Cuboid subluxation involves displacement of the cuboid, resulting in pain and problems with push off during dancing or running. Its incidence varies with the population being studied, being apparently highest in ballet dancers. Most cuboid subluxations are plantar and medial, with rare dorsal subluxations. Diagnosis rests on adequate clinical evaluation, and traditional imaging tends to be unhelpful. Ultrasound imaging may offer some insights, although much remains to be learned about this imaging modality in cuboid subluxation. Treatment focuses on conservative measures, including cuboid manipulation, bracing and taping, activity modification, and orthotics. Immobilization may be warranted in cases in which instability is noted, such as after acute traumatic injury. Most athletes and dancers with this disorder return to full participation after successful treatment. Adequate awareness and understanding of this condition will lead to improved diagnosis and outcomes.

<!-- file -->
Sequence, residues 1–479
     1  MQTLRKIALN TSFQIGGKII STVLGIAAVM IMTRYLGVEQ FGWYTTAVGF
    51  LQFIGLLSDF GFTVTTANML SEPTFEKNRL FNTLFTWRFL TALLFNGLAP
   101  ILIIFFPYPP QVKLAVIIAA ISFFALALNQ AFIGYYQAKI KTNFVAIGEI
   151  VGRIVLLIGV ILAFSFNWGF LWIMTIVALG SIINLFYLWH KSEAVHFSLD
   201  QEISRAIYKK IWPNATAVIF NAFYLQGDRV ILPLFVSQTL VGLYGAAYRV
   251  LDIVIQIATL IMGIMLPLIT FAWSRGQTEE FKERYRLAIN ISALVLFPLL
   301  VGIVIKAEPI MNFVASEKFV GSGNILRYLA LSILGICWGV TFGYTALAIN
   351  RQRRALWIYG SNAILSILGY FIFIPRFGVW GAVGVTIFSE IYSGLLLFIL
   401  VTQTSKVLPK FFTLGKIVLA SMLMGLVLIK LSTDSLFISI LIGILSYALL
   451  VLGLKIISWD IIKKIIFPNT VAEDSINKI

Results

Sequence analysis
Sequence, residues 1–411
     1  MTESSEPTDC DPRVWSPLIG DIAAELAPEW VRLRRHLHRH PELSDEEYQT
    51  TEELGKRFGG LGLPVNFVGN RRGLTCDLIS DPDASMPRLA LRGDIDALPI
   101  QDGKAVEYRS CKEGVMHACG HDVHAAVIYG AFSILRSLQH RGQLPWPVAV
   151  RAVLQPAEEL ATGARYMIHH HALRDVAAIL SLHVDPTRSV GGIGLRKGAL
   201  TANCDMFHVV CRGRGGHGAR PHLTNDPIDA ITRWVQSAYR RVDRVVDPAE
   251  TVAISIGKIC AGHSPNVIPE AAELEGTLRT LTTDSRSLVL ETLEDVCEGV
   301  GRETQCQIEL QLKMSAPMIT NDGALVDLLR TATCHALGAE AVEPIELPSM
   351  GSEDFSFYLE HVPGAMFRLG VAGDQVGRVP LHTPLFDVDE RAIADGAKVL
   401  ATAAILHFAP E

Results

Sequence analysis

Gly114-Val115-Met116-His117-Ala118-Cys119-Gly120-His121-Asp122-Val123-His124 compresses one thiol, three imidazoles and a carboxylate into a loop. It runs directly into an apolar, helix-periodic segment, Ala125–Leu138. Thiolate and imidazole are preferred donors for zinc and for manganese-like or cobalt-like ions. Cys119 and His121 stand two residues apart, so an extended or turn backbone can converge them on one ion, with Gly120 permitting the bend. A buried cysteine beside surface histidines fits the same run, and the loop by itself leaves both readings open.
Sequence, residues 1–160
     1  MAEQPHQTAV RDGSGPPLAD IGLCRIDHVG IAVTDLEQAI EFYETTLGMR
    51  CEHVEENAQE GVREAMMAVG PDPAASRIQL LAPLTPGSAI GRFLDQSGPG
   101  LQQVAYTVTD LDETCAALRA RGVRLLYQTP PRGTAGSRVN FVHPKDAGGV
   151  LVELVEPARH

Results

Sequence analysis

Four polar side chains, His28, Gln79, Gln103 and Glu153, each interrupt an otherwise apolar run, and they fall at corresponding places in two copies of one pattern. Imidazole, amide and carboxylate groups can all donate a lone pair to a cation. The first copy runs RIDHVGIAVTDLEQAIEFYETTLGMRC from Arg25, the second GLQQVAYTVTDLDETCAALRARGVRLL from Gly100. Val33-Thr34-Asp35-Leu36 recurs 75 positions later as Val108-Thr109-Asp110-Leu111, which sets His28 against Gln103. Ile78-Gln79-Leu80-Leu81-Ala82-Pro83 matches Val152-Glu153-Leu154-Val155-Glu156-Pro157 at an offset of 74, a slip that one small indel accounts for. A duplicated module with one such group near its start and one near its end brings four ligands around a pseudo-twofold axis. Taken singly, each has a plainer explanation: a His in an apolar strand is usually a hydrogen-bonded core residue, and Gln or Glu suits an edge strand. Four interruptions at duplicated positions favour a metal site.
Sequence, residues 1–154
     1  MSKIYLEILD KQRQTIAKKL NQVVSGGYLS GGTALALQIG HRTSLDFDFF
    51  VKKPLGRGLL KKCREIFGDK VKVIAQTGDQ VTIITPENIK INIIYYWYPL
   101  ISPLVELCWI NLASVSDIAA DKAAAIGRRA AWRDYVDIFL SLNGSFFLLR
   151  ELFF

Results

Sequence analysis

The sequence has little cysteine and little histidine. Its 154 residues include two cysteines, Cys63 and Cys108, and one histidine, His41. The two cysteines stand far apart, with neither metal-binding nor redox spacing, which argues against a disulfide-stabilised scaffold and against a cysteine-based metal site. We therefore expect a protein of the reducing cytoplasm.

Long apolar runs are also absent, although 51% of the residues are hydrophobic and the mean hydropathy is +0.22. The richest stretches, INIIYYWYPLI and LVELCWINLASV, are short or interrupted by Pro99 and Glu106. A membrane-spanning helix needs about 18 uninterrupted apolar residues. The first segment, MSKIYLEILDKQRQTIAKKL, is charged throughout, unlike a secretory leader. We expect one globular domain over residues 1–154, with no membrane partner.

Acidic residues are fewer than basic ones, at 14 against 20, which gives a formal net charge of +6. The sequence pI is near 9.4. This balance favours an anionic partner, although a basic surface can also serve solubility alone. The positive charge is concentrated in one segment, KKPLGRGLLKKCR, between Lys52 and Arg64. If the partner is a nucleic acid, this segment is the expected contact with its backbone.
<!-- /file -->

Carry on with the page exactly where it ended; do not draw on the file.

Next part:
1Midwest Sports Medicine Institute, Middleton, WI; 2Clinical Assistant Professor, University of Wisconsin School of Medicine and Public Health, Madison, WI; 3Longs Peak Sports and Family Medicine, Longs Peak Family Practice, Private Practice, Longmont, CO; 4Assistant Clinical Professor, University of Colorado Health Sciences, Denver, CO
Address for correspondence: Erik Adams, M.D., Ph.D., FACSM, Midwest Sports Medicine Institute, 2521 Allen Blvd., Middleton, WI 53562 (E-mail: email@example.com).